Southampton Common, England | CruiseBe
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Southampton Common


Natural sights
,
park, nature, open space, landmark



Southampton Common is a large open space to the north of the city centre of Southampton, England. It is bounded by the districts of Shirley, Bassett, Highfield and Portswood. The area supports a large variety of wildlife, including the largest recorded population of the internationally rare great crested newt. It is designated a Site of Special Scientific Interest.

Southampton Common currently includes 326 acres (1.32 km2) of woodland, parkland, rough grassland, ponds, wetlands, nature trails, a paddling pool, a children's play area, a model yachting pond, and a fishing lake. The Common is used for a wide variety of community events, Flower Festival, Race for life Cancer Research UK and formerly 'Power in the Park' hosted by Power FM.

The Hawthorns Urban Wildlife Centre at the southern end has been built on the former site of Southampton Zoo and the comprehensive displays document the natural history of the area; with interactive resources, educational facilities and information about local wildlife and environmental management. To the west, bordering on Hill Lane, is a historic cemetery that also includes many rare flora and fauna. Cemetery Pond is popular for birds.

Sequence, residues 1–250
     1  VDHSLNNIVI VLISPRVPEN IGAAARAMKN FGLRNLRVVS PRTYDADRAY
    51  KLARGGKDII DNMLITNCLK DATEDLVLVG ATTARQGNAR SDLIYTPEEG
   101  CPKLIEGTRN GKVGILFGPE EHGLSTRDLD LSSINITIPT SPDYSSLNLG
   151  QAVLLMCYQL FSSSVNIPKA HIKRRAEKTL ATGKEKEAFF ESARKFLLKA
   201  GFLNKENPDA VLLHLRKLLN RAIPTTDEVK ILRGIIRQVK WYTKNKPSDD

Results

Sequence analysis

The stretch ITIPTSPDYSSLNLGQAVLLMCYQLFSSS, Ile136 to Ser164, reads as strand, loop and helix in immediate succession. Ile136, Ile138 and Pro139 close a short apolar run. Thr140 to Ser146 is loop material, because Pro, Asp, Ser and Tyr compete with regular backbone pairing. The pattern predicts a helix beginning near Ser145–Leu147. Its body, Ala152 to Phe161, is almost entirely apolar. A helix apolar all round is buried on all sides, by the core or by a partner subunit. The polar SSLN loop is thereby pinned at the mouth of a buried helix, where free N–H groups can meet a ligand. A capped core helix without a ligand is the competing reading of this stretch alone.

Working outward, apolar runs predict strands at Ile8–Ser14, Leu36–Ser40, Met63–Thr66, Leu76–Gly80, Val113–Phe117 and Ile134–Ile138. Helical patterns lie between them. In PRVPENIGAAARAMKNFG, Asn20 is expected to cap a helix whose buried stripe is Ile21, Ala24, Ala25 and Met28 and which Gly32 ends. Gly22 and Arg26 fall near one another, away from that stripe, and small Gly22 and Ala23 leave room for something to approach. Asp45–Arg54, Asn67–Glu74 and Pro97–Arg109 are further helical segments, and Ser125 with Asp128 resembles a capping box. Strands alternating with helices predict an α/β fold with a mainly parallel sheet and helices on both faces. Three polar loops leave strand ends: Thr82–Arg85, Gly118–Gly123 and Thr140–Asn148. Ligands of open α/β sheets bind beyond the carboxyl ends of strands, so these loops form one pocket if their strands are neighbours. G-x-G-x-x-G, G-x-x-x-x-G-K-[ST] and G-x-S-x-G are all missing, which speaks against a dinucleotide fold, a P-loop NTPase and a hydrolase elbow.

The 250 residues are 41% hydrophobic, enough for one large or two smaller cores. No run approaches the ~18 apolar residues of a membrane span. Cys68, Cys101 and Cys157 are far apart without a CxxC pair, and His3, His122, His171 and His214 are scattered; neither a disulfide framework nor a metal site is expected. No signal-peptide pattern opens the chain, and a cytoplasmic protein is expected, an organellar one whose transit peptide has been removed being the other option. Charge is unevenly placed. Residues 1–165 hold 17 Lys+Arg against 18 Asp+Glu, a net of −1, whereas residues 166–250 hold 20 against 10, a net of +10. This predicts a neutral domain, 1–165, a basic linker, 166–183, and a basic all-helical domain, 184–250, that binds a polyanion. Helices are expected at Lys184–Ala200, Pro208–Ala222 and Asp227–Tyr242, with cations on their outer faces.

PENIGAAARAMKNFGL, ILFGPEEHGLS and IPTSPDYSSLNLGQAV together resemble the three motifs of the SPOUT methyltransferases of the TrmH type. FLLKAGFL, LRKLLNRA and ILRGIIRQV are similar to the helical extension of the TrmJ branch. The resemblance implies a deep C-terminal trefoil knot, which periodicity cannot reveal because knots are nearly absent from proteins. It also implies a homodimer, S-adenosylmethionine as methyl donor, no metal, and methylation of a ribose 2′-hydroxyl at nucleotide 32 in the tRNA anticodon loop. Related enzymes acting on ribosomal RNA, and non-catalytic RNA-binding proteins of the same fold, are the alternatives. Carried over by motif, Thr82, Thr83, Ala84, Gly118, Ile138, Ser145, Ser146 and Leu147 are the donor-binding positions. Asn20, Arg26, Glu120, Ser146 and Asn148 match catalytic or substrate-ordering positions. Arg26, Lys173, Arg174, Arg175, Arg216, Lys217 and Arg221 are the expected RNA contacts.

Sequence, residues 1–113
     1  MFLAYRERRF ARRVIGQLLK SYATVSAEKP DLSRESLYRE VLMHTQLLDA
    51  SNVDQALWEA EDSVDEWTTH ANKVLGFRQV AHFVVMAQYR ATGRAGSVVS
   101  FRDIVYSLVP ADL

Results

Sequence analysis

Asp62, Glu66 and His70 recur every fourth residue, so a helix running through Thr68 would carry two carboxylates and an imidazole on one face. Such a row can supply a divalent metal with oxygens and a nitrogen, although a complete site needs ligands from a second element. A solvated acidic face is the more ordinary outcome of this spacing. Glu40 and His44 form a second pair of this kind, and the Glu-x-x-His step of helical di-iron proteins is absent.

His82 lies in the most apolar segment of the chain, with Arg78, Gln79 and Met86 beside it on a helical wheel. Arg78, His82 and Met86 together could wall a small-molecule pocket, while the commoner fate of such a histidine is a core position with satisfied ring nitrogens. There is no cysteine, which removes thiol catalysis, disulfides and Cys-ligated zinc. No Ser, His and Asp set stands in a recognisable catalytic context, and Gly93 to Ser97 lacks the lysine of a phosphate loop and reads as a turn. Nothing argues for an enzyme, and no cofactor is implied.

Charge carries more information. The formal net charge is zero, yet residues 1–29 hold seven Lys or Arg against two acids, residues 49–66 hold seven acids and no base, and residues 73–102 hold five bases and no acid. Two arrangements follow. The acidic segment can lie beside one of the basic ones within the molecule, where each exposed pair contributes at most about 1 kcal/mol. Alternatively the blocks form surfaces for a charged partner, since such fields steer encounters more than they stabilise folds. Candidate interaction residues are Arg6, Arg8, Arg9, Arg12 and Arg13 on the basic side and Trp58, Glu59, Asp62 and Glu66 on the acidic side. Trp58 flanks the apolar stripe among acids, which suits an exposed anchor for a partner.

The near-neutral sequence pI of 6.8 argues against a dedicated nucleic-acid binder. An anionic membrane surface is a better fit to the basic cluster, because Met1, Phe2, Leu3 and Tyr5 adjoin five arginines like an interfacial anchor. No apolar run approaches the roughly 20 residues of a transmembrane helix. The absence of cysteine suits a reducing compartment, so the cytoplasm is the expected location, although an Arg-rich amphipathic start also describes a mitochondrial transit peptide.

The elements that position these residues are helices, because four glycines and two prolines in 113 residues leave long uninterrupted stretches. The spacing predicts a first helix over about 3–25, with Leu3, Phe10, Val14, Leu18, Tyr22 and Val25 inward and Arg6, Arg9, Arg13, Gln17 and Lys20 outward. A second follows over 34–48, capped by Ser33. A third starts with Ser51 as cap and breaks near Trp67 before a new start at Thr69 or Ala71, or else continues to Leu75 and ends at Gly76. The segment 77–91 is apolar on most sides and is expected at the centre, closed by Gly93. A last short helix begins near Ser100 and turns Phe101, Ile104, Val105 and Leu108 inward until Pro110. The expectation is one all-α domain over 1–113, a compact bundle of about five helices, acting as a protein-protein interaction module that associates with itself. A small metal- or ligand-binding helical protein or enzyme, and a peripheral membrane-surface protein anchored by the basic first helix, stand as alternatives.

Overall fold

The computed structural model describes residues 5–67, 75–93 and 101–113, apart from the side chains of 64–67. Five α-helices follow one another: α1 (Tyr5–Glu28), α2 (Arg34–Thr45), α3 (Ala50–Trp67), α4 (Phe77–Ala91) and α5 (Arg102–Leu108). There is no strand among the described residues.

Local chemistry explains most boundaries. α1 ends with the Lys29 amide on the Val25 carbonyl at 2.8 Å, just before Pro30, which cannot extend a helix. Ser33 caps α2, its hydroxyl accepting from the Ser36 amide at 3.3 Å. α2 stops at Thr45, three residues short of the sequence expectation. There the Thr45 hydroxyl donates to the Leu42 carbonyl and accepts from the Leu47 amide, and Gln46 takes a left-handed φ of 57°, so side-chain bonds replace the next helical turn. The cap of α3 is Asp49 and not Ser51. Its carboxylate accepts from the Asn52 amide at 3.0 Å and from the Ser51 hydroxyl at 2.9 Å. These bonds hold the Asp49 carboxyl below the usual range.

The south east of the Common includes an open air paddling pool that has recently been refurbished and a play area for children. This is located near to a car parking zone and the Cowherds Inn, a local landmark which has a history going back to the 17th century.

The Common is also a venue for a Parkrun; a weekly 5 km run on a Saturday morning starting from near the Hawthorns Centre.

History

The history of Southampton Common can be traced back to a dispute over land rights in the 13th century, which was resolved by the Borough purchasing the land and declaring it common land. It became a public park in 1844.

The designation as Common Land allowed neighbours to use the land for fuel, clay, and taking berries and other wild, natural food. The most important use was for grazing, however, and there was a cowherd who was paid to be responsible for the cattle on the common. He was given accommodation in an inn on the site of today's Cowherds pub.




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